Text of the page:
In Others’ Words: Direction and Focus

Direct your anger. Ward. 2014

I select a quote for various reasons. A quote may:

  • make me laugh.
  • make me pause and realize, “Now there’s a new way to think about (fill in the blank).”
  • challenge my “I’ve got this all figured out” preconceived idea.
  • give me some practical ways to approach life.


Today’s quote is a bit of practical wisdom that, if heeded, would lead to more forward motion and less tripping over my verbal missteps. Each time I read it, I found myself nodding my head and thinking, “Got that right.”

And then I stopped and thought: But where do I direct my anger? Problems or people? Where do I focus my energies? Answers or excuses?

Because if I’m thinking “Got that right!” then the question is: Am I doing it right? Or am I fooling myself?

Last week I was angry about a certain situation. I stewed about it mentally — and yes, when I talked about it (and I did), I named the names of those who I held responsible for the situation. Guess what? Directing my anger at these people didn’t improve my attitude or what was going on at all.

But when I sat down with a trusted advisor and asked for counsel — when I stopped venting and listened — then, and only then did I start seeing a way to possibly change what was happening. Am I guaranteed a positive outcome? No. But one thing is certain: grumbling fueled by anger will get me nothing — except further discontent.

In Your Words: How do you determine your focus when anger trips you up? Any tips for avoiding excuses when what you really need is answers?


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  1. September 8, 2014, 9:16 am   /  Reply

    This couldn’t be better timed. I was steaming over a situation last week, thought I had let the anger go, then was talking to someone about it yesterday and BAM!. There was the anger toward the individual instead of the situation. And instead of wanting to peacefully resolve the problem, I was ready to verbally lash this person. Not good. Not good at all. Beth, you are a gift from the Lord Jesus. Your transparency challenges me to repentance, to seek the Lord and turn from my sinful anger. Love you, sweet friend!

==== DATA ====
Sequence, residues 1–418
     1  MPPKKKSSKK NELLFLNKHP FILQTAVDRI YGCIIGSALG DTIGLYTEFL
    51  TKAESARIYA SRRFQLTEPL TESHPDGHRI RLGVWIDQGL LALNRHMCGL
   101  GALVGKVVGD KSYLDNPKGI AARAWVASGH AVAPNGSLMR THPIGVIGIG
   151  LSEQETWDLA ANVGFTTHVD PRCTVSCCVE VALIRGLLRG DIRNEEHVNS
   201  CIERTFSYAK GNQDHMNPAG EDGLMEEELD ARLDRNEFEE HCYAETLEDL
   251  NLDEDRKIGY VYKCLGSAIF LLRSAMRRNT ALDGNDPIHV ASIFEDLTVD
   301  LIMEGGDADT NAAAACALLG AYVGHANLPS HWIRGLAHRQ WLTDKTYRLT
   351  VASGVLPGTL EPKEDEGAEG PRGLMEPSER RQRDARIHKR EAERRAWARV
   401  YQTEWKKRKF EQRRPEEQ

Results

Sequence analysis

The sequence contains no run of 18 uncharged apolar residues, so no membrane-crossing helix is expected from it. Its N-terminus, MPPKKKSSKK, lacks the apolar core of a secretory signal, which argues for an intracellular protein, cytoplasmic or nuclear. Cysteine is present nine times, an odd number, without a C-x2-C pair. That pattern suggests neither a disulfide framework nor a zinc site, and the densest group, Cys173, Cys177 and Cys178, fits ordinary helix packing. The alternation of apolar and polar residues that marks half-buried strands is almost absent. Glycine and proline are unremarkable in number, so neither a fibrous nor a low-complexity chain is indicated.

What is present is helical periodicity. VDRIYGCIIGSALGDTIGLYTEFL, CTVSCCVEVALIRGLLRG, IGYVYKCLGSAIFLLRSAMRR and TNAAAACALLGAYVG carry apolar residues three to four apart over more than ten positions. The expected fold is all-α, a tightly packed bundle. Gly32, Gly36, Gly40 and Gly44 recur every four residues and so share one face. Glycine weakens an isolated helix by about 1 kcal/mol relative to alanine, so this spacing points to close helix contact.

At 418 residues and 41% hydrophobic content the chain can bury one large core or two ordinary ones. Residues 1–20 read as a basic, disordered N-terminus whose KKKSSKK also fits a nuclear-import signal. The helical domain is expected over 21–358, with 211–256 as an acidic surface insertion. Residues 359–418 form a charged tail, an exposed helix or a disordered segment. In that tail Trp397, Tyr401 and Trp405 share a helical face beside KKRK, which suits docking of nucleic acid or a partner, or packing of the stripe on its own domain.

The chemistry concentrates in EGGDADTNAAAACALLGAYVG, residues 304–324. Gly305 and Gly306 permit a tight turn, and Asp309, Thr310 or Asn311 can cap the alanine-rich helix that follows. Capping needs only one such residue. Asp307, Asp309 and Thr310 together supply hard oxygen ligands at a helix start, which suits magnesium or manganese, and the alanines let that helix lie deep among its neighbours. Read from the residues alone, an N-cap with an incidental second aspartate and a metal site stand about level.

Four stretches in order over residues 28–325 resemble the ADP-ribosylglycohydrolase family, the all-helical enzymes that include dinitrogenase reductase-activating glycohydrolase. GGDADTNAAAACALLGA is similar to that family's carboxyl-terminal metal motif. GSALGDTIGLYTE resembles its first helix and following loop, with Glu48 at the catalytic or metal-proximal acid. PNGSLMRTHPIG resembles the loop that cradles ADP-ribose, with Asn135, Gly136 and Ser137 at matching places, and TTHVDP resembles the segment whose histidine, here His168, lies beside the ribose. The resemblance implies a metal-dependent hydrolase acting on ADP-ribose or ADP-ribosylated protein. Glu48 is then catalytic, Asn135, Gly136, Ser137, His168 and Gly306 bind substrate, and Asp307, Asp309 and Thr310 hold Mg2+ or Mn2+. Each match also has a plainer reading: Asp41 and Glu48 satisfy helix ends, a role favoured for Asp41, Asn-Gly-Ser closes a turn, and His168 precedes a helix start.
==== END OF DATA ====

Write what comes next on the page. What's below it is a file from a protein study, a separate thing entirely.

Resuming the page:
• September 8, 2014, 10:41 am   /  Reply

      Love you too, my friend! I am so thankful you were encouraged by this post today!
      Praying peace for you.

  2. September 8, 2014, 10:01 am   /  Reply

    Oh my. I wonder if that quote is too big to tattoo on my forehead? Backwards maybe so I could read it every time I looked in the mirror! Good words, Beth!

    • September 8, 2014, 10:41 am   /  Reply

      Good morning, Jane!
      Maybe I should show you my list of “I should tattoo this on my forehead” list of quotes?

  3. September 8, 2014, 10:04 am   /  Reply

    It’s not to be overlooked that anger can be an incentive to positive action. It’s the basis of how I got a doctorate – enough people thought I was too dumb to survive in academia, and I wanted to prove them wrong.

    it channeled and focused my energies, and when the road seemed too steep, the thought of their smug intellectual condescension stoked the furies within me.

    The place above anger is better, in which motivation comes from the sake of the issue, and not the heat of thew blood. But this is largely the domain of angels.